You’ve probably heard the buzz around Pokémon GO and how it’s taken the app world by storm. While some are mocking those who play the game, and others have expressed concern over the safety of the game, a Michigan children’s hospital has actually found a way to positively incorporate the interactive game into their patients’ treatment plans.
Pokémon GO is an augmented reality game that accesses user’s smartphone’s GPS and camera, in order to explore their surrounding in search of more than 100 Pokémon characters. In addition to collecting creatures on the go, the game also features “Pokestops”, where users can collect other items needed for the game, as well as gyms, where users are able to battle with their collected creatures.
However C.S Mott Children’s Hospital in Ann Arbor, Michigan has found unique value in this latest craze. The Michigan children’s hospital is using Pokémon GO as a tool to get sick patients out of their rooms to exercise and interact with staff and fellow young patients.
In a recent USA Today article, Jennifer Griggs, mother of 11-year-old Braylon, said she and her son began playing the popular mobile app as a way to “get him out of the room to do something active because it gets a little depressing while you are in the hospital for a lengthy stay.” Braylon is receiving treatment at Mott Children’s Hospital for an inoperable brain tumor.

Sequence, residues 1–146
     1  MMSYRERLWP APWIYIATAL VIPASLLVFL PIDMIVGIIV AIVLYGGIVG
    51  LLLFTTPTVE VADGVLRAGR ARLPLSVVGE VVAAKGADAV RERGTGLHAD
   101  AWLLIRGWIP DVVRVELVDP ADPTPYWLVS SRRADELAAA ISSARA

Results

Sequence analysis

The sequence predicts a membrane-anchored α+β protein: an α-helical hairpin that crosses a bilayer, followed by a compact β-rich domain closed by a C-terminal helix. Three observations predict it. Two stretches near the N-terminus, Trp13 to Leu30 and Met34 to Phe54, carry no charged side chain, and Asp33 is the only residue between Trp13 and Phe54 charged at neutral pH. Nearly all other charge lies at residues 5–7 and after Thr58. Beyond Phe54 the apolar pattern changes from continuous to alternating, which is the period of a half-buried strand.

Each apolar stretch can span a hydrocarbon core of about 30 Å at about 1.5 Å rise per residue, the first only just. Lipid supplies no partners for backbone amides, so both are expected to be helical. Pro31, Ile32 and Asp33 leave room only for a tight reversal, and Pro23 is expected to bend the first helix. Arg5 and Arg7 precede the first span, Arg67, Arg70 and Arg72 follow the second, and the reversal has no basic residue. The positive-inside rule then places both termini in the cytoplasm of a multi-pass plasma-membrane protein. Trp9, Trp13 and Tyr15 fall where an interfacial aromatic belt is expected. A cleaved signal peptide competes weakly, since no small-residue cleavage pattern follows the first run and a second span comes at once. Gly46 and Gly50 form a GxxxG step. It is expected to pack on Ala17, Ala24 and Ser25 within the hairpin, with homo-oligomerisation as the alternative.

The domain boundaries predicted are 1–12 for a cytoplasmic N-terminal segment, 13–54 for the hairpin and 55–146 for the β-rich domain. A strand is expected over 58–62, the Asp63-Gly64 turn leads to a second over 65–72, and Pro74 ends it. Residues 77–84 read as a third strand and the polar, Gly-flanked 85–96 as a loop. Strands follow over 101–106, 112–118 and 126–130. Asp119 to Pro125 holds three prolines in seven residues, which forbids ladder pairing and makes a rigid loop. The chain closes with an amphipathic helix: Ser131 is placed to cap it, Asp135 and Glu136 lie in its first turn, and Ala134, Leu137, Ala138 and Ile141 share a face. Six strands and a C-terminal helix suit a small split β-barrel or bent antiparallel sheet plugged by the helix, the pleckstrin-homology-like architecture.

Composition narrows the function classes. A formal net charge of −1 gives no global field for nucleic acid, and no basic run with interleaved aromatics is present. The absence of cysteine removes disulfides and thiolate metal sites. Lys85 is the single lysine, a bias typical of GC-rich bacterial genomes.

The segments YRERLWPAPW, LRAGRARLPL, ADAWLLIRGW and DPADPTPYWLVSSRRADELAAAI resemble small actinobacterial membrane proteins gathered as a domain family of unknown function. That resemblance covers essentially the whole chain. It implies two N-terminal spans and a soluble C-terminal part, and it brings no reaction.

For young patients, a hospital can be a draining environment. According to J.J Bouchard, digital media manager, and certified child life specialist at C.S Mott Children’s Hospital, in the past, young patients at the children’s hospital would often have little to no social interaction with fellow patients, but things have changed. J.J. Bouchard told USA Today, “It’s a fun way to encourage patients to be mobile.” Bouchard noted that it’s not uncommon now to see young patients stopping and interacting with eachother over the game, which has helped those who struggle in social environments. Today reported about a 6-year-old patient Ralphie, who has autism spectrum disorder and hyperlexia. Through the use of Pokémon GO, Ralphie has been able to get to know other patients his own age.
In addition to the social benefits, the hospital has also discovered that Pokémon encourages kids to partake in their physical therapy. Therapists at C.S. Motts Children’s Hospital have noted that their young patients are more willing to raise their arms or squat down when in pursuit of capturing a Pokémon.